Race Report #7: Day 8 by Jerry Freeman

Eight days of racing has produced an interesting tactical battle at the head of the fleet between Vento and Branec as they pass the half way point, both are fifty footers but one monohull with better pointing ability and one trimaran with higher reaching speeds. Expect to see Andrea placing a loose cover on Roger as they work through the variable winds for the next day or so; tacks are likely to be made in stealth mode after a tracker fix to gain maximum surprise and separation and the Gulf Stream comes into play at fifty west.

Comparing their progress with the 2009 Ostar times; at the end of the first seven days the eventual winner, La Prommesse had 1500 miles to go and Vento had 1577 this time, Pathway to Children had 1792 to go compared to QII’s 1715 in 2009, so the pace is slightly slower but still very good as 2009 was an exceptionally ‘fast’ year.

The weather prospects for next few days are not great, Aeolius decided to give the fleet a second bashing over the weekend with a strong southerly ahead of a cold front laying north to south along 27 west longitude and to follow that with a frustrating four days of light and variable airs which will dramatically reduce the daily miles made good. The only solution in these conditions is to hand steer and trim for every wind change just as you would on a Sunday in the club races but this one is three days long not three hours.

Skippers have reported a few problems through water ingress and wear and tear that are reducing the efficiency of all systems. The electrical self-steering is most at risk and those with back-up windvanes have already put them into action while wind generators suddenly become vital power sources when the black boxes all fail. Accumulated gear failure over the next thousand miles may be the deciding factor in the final results.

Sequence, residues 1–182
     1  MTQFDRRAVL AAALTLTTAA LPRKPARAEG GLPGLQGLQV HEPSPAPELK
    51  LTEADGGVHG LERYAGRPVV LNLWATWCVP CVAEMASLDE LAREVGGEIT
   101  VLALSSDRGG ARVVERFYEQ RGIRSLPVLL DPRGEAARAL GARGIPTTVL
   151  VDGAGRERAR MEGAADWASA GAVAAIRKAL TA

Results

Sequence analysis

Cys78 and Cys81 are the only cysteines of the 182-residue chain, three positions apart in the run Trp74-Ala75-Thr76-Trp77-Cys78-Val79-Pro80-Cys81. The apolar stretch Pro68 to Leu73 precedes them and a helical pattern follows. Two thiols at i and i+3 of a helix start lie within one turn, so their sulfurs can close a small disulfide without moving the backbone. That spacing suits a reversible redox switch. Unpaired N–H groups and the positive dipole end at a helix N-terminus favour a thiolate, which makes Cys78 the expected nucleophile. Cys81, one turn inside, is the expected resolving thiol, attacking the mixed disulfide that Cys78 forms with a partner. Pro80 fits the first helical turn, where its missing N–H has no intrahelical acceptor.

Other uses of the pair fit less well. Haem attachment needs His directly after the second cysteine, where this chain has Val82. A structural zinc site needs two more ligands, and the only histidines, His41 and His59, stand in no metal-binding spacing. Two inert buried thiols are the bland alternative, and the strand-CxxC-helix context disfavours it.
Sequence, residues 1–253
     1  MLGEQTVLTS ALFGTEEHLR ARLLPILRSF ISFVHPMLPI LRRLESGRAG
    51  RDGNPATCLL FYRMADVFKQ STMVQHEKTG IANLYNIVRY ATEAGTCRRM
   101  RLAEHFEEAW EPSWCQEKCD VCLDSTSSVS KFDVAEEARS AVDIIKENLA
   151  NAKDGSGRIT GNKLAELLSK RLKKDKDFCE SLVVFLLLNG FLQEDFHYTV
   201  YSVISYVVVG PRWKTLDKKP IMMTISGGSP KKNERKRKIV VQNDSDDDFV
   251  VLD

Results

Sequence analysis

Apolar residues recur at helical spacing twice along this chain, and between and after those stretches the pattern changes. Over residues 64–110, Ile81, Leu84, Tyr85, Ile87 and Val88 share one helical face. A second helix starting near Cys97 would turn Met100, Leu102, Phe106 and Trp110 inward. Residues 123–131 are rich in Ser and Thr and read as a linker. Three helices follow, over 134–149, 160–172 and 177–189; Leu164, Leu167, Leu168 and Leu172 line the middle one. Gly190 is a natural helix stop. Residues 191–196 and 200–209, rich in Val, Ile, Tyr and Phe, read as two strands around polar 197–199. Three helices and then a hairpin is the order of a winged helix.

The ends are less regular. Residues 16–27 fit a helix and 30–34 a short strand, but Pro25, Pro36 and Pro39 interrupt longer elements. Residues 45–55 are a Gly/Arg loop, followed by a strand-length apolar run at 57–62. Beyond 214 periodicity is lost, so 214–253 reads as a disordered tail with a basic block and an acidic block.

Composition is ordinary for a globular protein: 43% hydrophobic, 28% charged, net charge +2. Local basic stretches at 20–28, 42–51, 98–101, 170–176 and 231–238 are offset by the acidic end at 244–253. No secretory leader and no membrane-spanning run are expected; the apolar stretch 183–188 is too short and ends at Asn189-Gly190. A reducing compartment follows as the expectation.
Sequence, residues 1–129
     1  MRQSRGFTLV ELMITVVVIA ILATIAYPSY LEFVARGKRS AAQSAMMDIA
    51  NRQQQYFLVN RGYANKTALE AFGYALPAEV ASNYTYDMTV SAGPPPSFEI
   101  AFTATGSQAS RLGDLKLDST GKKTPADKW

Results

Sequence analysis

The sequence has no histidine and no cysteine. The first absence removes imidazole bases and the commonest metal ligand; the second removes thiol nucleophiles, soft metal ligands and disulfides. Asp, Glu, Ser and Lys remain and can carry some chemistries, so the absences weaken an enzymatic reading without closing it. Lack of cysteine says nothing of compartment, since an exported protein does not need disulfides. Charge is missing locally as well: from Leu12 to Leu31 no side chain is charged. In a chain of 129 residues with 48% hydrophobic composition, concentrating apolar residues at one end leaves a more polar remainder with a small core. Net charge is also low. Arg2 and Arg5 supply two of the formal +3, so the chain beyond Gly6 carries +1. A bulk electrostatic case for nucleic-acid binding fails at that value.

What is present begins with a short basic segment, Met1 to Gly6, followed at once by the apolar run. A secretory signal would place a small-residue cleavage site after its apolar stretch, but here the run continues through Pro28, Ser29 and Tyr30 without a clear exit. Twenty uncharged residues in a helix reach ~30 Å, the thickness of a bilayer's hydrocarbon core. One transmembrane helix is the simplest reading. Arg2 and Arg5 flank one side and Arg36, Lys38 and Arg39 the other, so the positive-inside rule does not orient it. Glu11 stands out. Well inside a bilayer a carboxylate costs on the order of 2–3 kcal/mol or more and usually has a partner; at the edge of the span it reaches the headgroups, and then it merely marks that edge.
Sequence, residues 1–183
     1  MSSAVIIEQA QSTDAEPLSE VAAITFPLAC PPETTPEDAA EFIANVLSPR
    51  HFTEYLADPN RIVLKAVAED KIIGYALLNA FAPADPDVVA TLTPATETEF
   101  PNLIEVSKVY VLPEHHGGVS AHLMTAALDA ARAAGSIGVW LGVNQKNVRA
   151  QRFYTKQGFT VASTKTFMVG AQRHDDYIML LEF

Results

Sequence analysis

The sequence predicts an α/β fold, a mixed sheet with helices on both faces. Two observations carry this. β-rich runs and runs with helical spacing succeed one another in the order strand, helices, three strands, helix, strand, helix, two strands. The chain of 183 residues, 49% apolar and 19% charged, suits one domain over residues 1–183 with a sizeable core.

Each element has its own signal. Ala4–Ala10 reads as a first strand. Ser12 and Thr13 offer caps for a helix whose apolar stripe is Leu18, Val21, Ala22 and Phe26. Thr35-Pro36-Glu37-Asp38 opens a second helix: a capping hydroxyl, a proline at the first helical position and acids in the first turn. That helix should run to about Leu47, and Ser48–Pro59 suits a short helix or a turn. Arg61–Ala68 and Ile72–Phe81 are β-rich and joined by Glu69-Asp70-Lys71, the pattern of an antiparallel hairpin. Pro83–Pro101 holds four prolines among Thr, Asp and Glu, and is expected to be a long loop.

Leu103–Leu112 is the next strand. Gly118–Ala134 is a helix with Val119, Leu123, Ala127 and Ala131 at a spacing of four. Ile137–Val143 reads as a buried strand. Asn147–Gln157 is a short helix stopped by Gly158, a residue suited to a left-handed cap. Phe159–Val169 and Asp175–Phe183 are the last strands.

Boats on the great circle and anywhere to north of the rhumb line have a greater chance of meeting shipping from and bound for New York and the Gulf of St Lawrence as they route from the Newfoundland to Bishop Rock(Scilly Isles) and they may be travelling at 18 to 20 knots, the AIS and Sea Me are invaluable for solo sailors in these situations allowing perhaps a one hour nap before radar targets set off the proximity alarms.

For students of the psychology of the open ocean the enormity of the challenge is beginning to sink in as the boats end their first seven days at sea and there is a daunting 1000 miles to go until the  Newfoundland Grand Banks. Dividing the task into manageable bite sized chunks is useful as the half-way mark is approaching which is traditionally celebrated with an enormous curry feast and the opening of cards and gifts from family and supporters when a solitary tear may be shed.

Douglas Adams regrettably never did the OSTAR but had he done so I am sure that he would have said; ”The North Atlantic is big. You just won’t believe how vastly, hugely, mind-bogglingly big it is.”

Jerry Freeman 04/06/2013